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Abbott, Keeven & Fisher Partners Partners in Technology

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Scalability and Technology Consulting Advice for SaaS and Technology Companies

Your Site is as Important as the Product You Sell - Recent Example from Saddleback Leather

February 7, 2018  |  Posted By: Pete Ferguson

If you have a premium product, at a premium price, it’s unlikely you would sell it out of a rundown, poorly lighted store that smells vaguely like stale meat.  Yet somehow many of us forget to apply that same reasoning when it comes to selling our products online.  The availability - and look and feel of your presence online - is your store front.

I’ve long been a fan of Saddleback Leather.  However, their motto: “They’ll fight over it when you’re dead” fell short in January.  You see, it’s hard for your family to fight over the thing that you can’t even purchase…  Saddleback Leather had a completely foreseeable, and absolutely preventable outage.  From Dave Munson, the CEO:

“I’ve always dreamt of one day having a really fast and easy website for you to enjoy. So, we decided to leave our slow and clunky old website and start building one on a new and different platform. The contract expired Dec. 30th, 2017, but the new site wasn’t fully ready yet. We flipped the switch anyways and all Gehenna broke loose. The super fast, fun and easy website… wasn’t fast, fun or easy and we wasted a ton of time and irritated the heck out of our favorite people. People couldn’t check out, set up accounts or even add stuff to their carts. So, we paid a ton of money to get our old slow and clunky back again until we get this new site just right. “

To make up for it, last week I received an apology letter sent by “El Presidente” Munson with an 11% off coupon.  11 % because Munson has recently celebrated 11 years of marriage to his wife, Suzzette.  As a side note, it’s a perfect example of how to apologize to your customers when you screw up.  This guy made a mistake, is paying for it by paying for his old site while continuing to develop the new, and is giving customers discounts with a coupon aptly titled: “IAMSORRY.”

Ironically, as a fan and customer, I don’t recall the old site being slow or terrible.  On the contrary, when I visited early in January, their “new and improved” site felt clunky and disjointed.  The wrong images were coming up for products and many items reported being “not available.”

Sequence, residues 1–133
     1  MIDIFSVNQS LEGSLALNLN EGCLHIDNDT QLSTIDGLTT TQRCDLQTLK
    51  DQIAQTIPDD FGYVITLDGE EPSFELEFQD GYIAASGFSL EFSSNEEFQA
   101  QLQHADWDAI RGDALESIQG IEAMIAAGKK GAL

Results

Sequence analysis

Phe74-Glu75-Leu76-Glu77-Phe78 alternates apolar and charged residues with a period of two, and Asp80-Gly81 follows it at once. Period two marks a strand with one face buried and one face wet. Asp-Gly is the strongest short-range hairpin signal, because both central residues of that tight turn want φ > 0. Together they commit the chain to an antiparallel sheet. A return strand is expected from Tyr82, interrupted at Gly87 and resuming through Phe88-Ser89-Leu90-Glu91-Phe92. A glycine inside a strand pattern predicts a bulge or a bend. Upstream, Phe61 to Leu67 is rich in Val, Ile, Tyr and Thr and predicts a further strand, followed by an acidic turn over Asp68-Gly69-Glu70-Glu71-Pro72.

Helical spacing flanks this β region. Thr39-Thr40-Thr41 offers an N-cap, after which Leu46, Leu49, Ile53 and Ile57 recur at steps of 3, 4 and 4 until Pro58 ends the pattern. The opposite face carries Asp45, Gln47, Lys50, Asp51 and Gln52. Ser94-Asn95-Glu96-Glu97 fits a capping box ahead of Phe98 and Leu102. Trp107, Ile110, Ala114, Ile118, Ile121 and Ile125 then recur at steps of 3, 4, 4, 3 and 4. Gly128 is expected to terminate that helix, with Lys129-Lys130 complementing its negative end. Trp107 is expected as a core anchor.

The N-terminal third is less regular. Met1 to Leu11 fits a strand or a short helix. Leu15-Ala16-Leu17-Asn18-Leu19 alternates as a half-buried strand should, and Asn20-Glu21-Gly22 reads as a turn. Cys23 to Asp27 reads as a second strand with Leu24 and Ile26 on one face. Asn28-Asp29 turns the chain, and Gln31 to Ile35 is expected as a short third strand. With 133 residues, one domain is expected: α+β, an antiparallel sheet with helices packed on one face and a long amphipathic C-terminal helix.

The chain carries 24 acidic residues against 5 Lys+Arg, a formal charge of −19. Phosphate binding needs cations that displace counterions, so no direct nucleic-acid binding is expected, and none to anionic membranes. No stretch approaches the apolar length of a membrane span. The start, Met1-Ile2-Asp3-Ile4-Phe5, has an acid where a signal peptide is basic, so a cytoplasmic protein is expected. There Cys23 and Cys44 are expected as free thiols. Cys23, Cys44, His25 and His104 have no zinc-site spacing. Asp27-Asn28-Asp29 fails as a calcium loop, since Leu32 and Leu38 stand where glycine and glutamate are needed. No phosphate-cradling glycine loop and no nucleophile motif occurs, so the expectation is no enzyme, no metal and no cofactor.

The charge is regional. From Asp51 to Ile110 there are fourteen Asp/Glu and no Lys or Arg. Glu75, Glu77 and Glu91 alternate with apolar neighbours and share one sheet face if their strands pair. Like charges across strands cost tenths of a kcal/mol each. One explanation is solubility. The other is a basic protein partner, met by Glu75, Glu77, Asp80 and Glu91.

In the world of environmental health and safety, “all accidents are preventable” is the holy grail of compliance.  We believe that with the right forethought and planning, the same is true with virtually all products and storefronts online. 

At AKF we are fond of saying “an accident is a terrible thing to waste.”  While the exact details of what went wrong are not disclosed, the motives were:
- They took a concept that presumably worked great in beta testing live without testing under full load.
- Munson made the decision to push out something that wasn’t yet great to save money by exiting a contract by the end of the year.


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The result is lost sales from when the site was down, lost customers who may have been trying the website for their first time and won’t be back, an 11% haircut of sales for the next week, and a fan base - many of whom have been very vocal on FaceBook - that is verbally expressing their disdain to see the company they have counted on for unquestioned quality in the past didn’t settle for quality first this time.

The days of customers quickly forgiving their favorite retailers for not being equally as great online are waning.  Make sure you have a solid strategy and the right expertise in your corner when it comes to greatly affecting your customer’s ability to purchase or better interact with your product.

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